1. “Modernity is itself the death throes of a civilization committed to rebellion and domination. It moves from one madness to another. ” This phrase struck me particularly hard after hearing the AM show on a major “news” network extolling the world wide celebration of “Pride.” This is just one of the latest versions of madness forced upon us as a rebellion an an attempt at domination. There is much truth in what you say Father.

  2. I have frequently pointed out to others that “there is no democracy in heaven; there is a throne”. It never fails to draw a shocked look of confusion and usually a (at least) semi-angry response. We worship democracy because it allows us to worship ourselves, I think.

    Last night, I watched the wonderful movie “Ostrov” (the Island) again. Your statement about standing “within” those with whom we disagree reminded me of Father Antoly’s statement about “knowing this demon personally”. May God have mercy and give us compassion to pray this way!

    And yet somebody has to do the work.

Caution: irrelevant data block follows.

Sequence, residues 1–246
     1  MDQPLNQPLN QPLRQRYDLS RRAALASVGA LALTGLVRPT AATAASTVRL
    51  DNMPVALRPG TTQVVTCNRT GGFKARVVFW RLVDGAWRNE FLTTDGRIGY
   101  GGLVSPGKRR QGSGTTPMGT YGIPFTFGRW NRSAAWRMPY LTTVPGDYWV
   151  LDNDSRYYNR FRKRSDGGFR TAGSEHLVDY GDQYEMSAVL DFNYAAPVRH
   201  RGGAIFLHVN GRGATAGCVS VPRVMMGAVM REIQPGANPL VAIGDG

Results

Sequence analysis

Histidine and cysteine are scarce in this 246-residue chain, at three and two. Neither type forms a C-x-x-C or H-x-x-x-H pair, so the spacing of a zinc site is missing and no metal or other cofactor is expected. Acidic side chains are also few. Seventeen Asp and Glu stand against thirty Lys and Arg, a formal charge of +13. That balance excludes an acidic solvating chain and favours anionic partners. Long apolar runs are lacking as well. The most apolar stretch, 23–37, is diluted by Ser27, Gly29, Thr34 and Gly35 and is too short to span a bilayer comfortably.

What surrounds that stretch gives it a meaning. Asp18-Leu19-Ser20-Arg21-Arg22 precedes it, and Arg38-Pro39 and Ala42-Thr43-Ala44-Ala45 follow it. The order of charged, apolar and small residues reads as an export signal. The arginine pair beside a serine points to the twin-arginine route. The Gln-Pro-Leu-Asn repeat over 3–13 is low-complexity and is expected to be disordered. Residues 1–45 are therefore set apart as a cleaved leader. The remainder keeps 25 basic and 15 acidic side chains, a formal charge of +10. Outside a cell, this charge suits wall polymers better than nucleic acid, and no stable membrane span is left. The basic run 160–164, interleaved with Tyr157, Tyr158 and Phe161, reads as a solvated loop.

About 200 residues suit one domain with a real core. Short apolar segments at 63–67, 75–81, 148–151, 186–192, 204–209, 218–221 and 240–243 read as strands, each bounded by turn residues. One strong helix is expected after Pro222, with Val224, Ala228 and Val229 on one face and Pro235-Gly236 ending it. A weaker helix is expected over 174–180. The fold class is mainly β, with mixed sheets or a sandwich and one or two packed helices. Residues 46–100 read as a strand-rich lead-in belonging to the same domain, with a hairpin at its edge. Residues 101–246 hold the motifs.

It reminds me of the sign at Auschwitz, “Work sets you free”. May God forgive us….

  3. Thank you father. Perhaps on your newsfeed recently you’ve seen Project Veritas expose Google/YouTube for appearing to interfere in the Ireland abortion referendum by manually adding pro-life terms to a search blacklist. Many of your past articles almost predict this – sadly it’s not much of a surprise when you understand the Modern Project as you’ve laid it out.

    Do you have any thoughts on this particular modern project?

  4. Father, there is so much in your column I want to talk about. But I sit here alone in New York City and have no one to talk to. That is not the problem as I’m on a business trip and it allows room to think. More importantly, to pray. And my take away from your column, which of all your columns i find the most penetrating, personally, is that modernity must be understood as a religious project. And i would add that of one doesn’t start there then it, modernity, will not be understood at all. Your column eloquently argues the point. And so, still alone for the moment, i can pray a little more and love my neighbor in this city. Your words have helped so much.

  5. Confession of a modern heart is striking, wounding, and lasting…
    Is it right to deny the heart yearning for God? For anything? I think probably not.
    Weeping for sin and calling for repentance in my life first, that’s what I’ll do.

    This really struck me profoundly: